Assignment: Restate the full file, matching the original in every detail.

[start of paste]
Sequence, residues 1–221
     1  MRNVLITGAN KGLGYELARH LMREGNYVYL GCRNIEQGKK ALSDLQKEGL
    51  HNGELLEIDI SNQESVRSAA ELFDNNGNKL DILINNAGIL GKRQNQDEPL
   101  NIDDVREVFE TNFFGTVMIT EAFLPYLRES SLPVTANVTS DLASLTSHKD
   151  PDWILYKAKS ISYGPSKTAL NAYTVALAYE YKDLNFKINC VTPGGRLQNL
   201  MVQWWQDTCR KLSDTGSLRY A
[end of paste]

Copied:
Sequence, residues 1–221
     1  MRNVLITGAN KGLGYELARH LMREGNYVYL GCRNIEQGKK ALSDLQKEGL
    51  HNGELLEIDI SNQESVRSAA ELFDNNGNKL DILINNAGIL GKRQNQDEPL
   101  NIDDVREVFE TNFFGTVMIT EAFLPYLRES SLPVTANVTS DLASLTSHKD
   151  PDWILYKAKS ISYGPSKTAL NAYTVALAYE YKDLNFKINC VTPGGRLQNL
   201  MVQWWQDTCR KLSDTGSLRY A